Not all medications are going to make you feel your best, even if they’re helpful in the long run. Luckily, there’s more than one option for you if you have high blood pressure. Diuretics are commonly prescribed to those with this condition, but some of them may cause low potassium levels or blood sugar issues in diabetics, says the AHA. In this case, ask your doctor about beta-blockers, which work to reduce the heart’s workload, or ACE inhibitors, which allow your blood vessels to relax. There’s a laundry list of medications you can try if you find the side effects are negatively impacting your life, so always ask about your options.
Next: Popping pills will only get you so far.
7. If you’re taking medication, you don’t have to worry about exercise or diet
Try going for daily walks to boost your activity. | iStock.com
Thanks to modern medicine, having high blood pressure is highly treatable. But that doesn’t mean you can sit back and let the pills do all the legwork. It’s likely your doctor will recommend you start getting a bit more active to help treat your condition, so take the suggestion seriously. Try to go for 40 minutes of moderate to vigorous activity — think briskly walking — three to four times a week to see the best results.
As far as your diet is concerned, you’ll need to pay extra attention. Go for foods high in potassium, like bananas, and omega-3s, like salmon. Whole grains, low-fat dairy, nuts, and olive oil are also good to incorporate.
Next: It’s time to get moving.
The best exercises for those with high blood pressure
Use light to moderate weight if you have high blood pressure. | iStock.com/diego_cervo
Ready to get moving? Vic Froelicher, a professor of medicine at Stanford University, shares his thoughts on exercising when you have hypertension with Prevention. First, make sure you’re not overdoing it. Anything that requires quick bursts of energy could boost your blood pressure temporarily, so a steady walk is a better idea. If you’re planning on doing some resistance training, don’t go for the heaviest weights you can find. Moderate weight with a moderate number of reps will be to your benefit.
Next: This myth might give you a false sense of security.
8. As long as one number is normal, your blood pressure is fine
One number being higher than the other can still lead to heart problems. | iStock.com/KatarzynaBialasiewicz
You’ve probably had your blood pressure taken hundreds of times in your life, but you may not really know what those numbers mean. Or, maybe you do, and as long as one of those numbers is normal, you feel like you’re free to shrug it off. Mayo Clinic explains both the top and bottom numbers matter when determining whether or not you have high blood pressure. In fact, if your top number is too high and your bottom number is totally normal, you have a very common condition known as isolated systolic hypertension. Having this for too long can result in an increased risk of cardiovascular problems over time.
Next: Hypertension might have less to do with age than you think.
9. High blood pressure only really matters if you’re older
Those under 50 should still be concerned of high blood pressure. | iStock.com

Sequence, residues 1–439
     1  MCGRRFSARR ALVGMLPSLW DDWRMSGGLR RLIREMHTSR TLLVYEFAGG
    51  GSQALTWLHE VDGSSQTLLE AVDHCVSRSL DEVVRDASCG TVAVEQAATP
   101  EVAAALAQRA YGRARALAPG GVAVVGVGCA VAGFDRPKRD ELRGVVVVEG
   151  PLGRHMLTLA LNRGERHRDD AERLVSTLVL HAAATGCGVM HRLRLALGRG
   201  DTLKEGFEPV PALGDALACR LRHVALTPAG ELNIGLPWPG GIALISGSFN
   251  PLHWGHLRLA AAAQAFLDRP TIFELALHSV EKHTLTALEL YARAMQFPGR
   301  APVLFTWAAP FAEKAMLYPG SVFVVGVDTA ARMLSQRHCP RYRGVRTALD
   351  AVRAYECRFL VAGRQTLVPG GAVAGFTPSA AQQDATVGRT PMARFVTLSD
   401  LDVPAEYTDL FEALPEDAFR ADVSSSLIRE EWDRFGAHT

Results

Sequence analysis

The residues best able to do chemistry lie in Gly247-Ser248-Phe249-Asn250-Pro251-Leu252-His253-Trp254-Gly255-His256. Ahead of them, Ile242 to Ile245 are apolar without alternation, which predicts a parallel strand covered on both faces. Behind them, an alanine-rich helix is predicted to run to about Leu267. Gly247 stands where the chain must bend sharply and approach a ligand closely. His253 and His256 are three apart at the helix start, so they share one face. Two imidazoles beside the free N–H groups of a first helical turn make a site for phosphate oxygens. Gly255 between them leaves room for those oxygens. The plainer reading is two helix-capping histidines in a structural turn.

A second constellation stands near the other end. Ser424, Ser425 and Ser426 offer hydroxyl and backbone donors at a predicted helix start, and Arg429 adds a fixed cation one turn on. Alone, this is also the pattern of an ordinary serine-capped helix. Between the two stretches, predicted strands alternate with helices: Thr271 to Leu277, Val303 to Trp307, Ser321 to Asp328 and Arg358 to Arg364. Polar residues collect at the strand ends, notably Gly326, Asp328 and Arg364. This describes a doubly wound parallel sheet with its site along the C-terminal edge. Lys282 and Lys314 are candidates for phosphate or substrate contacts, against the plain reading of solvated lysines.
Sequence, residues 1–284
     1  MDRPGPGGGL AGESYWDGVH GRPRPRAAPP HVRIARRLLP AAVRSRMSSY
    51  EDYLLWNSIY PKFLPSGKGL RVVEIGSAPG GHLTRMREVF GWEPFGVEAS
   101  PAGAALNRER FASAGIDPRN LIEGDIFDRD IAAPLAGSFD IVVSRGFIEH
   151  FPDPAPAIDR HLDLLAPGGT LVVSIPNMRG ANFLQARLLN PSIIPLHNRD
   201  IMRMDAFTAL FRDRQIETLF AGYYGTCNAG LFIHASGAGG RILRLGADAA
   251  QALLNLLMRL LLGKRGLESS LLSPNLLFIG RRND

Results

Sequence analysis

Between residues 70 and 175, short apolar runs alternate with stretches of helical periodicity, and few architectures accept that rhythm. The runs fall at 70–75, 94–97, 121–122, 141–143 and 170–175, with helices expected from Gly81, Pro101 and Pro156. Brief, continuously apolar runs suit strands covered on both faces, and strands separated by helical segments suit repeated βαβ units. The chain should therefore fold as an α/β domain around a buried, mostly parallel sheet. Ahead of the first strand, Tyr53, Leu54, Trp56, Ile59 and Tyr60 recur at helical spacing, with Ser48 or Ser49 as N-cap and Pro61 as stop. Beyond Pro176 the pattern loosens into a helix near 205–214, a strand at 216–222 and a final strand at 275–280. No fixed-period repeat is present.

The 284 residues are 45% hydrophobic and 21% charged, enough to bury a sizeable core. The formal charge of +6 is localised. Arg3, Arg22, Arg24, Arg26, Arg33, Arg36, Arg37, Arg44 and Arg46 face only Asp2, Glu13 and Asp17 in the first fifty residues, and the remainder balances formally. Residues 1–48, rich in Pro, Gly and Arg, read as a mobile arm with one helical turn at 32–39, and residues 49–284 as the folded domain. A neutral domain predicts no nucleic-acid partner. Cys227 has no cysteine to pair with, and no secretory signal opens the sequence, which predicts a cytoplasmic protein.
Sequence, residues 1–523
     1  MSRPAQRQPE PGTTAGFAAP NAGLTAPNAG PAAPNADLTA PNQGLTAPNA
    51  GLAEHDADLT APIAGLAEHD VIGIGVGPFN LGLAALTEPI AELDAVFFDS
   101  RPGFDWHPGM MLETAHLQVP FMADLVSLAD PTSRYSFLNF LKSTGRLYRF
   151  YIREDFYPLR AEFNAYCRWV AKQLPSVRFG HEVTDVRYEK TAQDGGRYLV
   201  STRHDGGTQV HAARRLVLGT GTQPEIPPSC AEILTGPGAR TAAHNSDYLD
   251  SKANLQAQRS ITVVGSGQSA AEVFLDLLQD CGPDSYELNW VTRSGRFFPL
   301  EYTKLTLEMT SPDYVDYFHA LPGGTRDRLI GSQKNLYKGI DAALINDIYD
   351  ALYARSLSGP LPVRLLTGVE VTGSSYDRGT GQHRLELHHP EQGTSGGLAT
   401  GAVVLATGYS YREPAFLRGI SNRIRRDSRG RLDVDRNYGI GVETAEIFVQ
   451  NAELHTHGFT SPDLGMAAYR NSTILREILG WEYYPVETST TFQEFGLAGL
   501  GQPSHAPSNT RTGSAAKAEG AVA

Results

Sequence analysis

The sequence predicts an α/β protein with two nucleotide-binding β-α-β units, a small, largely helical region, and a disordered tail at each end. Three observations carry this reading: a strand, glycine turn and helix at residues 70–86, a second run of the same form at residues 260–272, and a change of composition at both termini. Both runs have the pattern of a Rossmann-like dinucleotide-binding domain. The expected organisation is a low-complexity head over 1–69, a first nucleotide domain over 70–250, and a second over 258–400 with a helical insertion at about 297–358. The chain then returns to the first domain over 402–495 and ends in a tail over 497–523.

You’re more likely to have hypertension when you’re older, but don’t ignore an abnormal reading just because you haven’t yet reached 50 years of age. A study in the Journal of American College of Cardiology followed nearly 2,500 men and women between the ages of 18 to 30 for more than 25 years.. They found those who had slightly elevated blood pressure levels as young adults were a lot more likely to show signs of heart disease later in life. Basically, prehypertension is no joke — get it treated early to avoid trouble down the road.
Next: Listen up, ladies.
10. Men are more likely to have high blood pressure
It’s actually the women who have more to worry about here. | iStock.com/jacoblund
If you think men make up the majority of those who develop hypertension, we’ll give you some credit — the National Heart, Lung, and Blood Institute says men are more likely to have high blood pressure in the under-55-years-old category. But things change after this age. Women are actually more likely to develop the condition post-55. Ladies, get an annual check-up for this reason.
Next: Rethink your supplement stratgy.
11. Over-the-counter medications are totally safe for those with high blood pressure
Check with your doctor to make sure your OTC meds are safe. | iStock.com
If you don’t need a prescription to take it, it’s totally safe, right? Not exactly. WebMD explains some OTC meds like certain decongestants, pain meds, and cold and flu symptom relievers can actually raise your blood pressure or interfere with your hypertension medication. Even vitamins and supplements can have this effect if you’re not careful. And if you’re prone to taking antacids for heartburn, know they can have lots of sodium. If you’re currently taking something to lower your blood pressure, ask your doctor or pharmacist about OTC meds you can take without interference.
Next: Does the thought of getting your blood pressure checked freak you out?
12. White coat hypertension is nothing to worry about
White coat hypertension might be more serious than you think. | iStock.com/utah778
Visiting the doctor probably isn’t your favorite activity. If you get particularly anxious surrounding your annual exam, you may see a spike in your blood pressure. You probably think this is no big deal, especially if you take your own readings at home and they’re all normal. But here’s why you should be paying attention to those high doctor’s office readings — they give you insight into how your body deals with stress. Everyday Health explains seeing your blood pressure rise to unhealthy levels every time you experience stress can put a lot of strain on your heart over time.
Don’t disregard your doctor’s readings just because of white coat anxiety. If anything, use it as an opportunity to address your stress levels and work to lower them.
Read more: 10 Foods Everyone With High Blood Pressure Should Be Eating